Once we can improvise a bit, the next phase is exploring all the possible combinations and fusion we can find.  This can easily last us the rest of our lives.  Although our kali chessboard is finite, the possible combinations of what we have learned are endless.  Our training has given us sets of techniques, as well as a deep perspective on the human body, different ways of motion, psychology, nutrition and health, spirituality and awareness.  We can begin to respond without stopping to consider beforehand which techniques or sub-systems to use.  Responses start to just HAPPEN and to do so in a way that is consistent with our own individual natures.

The most beautiful jazz improvisation is an unstructured, free-flowing conversation between the musicians.
It's MAGIC.  You really see masters of the craft EXPRESSING themselves through their instruments - 100% here and now in each musical moment.  To me, it is the highest level of musicianship and the most worthy goal of any aspiring player.  It is truly FREE.

The End Result
I encourage all of our students to train with as many different Guros and Kasamas as possible.  Every one of us has gone through the above progression, and learned to leverage all that we know to develop our own flow.  Each instructor knows the same basics and the same techniques, but we all add our unique flavor to our FLOW and seeing us will help you find your own voice one day.  You may never have our flow, but you will definitely have your own, and it will be beautiful and unique to you.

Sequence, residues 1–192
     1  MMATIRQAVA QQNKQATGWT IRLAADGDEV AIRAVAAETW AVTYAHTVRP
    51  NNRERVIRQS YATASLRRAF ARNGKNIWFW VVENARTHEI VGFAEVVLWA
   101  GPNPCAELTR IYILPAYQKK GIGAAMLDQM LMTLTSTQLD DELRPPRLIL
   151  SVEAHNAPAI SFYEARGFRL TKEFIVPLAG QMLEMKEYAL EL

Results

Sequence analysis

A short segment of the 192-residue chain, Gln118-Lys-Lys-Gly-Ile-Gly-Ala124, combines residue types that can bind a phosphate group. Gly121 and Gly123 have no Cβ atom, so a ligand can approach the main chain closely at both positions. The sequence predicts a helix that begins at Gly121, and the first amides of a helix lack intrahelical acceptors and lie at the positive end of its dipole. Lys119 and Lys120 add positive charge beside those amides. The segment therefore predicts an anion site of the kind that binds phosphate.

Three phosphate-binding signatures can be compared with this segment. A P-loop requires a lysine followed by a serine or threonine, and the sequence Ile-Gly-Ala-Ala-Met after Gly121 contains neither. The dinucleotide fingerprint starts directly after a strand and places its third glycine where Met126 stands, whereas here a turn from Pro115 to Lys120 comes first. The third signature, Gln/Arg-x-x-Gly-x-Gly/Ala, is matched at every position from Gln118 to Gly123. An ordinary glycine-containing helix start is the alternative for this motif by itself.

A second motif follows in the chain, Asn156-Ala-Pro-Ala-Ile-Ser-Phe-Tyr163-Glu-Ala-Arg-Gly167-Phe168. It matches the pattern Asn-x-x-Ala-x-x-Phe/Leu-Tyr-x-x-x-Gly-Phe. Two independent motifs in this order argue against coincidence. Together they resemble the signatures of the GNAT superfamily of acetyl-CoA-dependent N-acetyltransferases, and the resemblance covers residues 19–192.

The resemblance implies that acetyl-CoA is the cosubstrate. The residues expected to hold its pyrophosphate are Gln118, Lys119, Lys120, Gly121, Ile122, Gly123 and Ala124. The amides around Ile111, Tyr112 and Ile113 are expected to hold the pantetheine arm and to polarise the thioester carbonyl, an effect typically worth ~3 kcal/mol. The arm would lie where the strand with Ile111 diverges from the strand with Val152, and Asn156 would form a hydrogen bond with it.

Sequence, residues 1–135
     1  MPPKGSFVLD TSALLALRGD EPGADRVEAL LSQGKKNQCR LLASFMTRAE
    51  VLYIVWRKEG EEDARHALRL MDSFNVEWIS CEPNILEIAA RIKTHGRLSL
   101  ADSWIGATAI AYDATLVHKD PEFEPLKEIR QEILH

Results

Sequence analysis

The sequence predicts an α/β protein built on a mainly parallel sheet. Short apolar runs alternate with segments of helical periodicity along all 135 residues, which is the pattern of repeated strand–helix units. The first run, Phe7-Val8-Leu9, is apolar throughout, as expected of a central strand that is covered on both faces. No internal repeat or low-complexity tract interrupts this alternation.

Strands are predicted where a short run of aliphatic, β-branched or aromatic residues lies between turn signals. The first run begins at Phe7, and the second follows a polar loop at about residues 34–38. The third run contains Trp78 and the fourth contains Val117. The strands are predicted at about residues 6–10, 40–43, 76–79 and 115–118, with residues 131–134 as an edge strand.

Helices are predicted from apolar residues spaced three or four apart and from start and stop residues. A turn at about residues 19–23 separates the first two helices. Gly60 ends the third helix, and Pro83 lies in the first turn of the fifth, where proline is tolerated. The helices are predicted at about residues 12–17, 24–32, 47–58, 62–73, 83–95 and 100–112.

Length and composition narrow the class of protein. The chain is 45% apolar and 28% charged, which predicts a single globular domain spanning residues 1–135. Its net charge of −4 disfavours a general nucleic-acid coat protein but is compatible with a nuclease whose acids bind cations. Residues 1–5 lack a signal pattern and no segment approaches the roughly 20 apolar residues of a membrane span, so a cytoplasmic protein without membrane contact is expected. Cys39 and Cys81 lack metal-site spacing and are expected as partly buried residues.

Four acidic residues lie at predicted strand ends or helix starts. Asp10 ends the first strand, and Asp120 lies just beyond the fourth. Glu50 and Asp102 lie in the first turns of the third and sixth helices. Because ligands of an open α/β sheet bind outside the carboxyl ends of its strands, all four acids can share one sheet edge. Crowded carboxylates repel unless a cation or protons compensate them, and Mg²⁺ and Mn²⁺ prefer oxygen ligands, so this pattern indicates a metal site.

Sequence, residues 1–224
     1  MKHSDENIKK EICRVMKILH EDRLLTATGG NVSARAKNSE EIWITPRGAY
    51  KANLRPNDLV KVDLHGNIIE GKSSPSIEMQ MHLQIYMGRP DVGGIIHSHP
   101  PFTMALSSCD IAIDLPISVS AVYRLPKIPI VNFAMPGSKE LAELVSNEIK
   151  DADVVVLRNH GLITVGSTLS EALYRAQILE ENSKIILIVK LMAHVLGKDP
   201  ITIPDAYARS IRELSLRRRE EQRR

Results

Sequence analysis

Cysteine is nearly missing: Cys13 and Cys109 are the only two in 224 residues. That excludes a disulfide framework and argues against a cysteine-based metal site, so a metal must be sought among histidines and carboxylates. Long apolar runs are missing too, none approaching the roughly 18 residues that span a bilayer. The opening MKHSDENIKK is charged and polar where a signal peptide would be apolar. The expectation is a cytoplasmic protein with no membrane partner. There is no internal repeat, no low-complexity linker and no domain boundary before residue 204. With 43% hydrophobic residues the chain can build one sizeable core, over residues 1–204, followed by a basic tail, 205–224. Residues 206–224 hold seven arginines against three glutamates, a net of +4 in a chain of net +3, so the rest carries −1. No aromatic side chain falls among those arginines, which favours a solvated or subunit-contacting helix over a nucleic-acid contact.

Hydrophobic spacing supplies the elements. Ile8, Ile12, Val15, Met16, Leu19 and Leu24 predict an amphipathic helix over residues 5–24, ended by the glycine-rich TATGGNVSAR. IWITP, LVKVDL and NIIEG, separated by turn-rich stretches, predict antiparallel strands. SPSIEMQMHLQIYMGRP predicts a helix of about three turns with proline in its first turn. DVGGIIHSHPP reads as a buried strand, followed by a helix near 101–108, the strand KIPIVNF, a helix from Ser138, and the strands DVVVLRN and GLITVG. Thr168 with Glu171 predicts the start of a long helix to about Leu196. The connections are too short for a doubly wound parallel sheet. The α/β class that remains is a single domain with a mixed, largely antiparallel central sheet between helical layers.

Trust the Training.
Be patient.
Love your callouses.
Never give up.
JAM like a champion.

See you at class.

Monday, July 20, 2015

Flowing the Tree

(thanks for the inspiration Paul M)

It's not my fault.  Really.  My dear friend Paul asked me about Kali Majapahit.  Usually, the first few hours are my most animated explanations, but I could literally go on FOREVER talking about Kali Majapahit, how much I love it, and how unique it is.

To keep other people from falling asleep, I try to explain in a way that will resonate with each person, especially if they are not martial artists.

Paul is a physicist by background, so science/maths is a great medium to try to explain what we do.  Here goes...

When I walked into Kali Majapahit (at that time Ni Tien Martial Arts) in Singapore, I was AMAZED.
Guro Fred moved like no one I had ever seen (and still does).  He was (is) like a predatory jungle cat - graceful, powerful, lethal: 100% martial and 100% art.  However, it wasn't just how he moved, it was also how he spoke.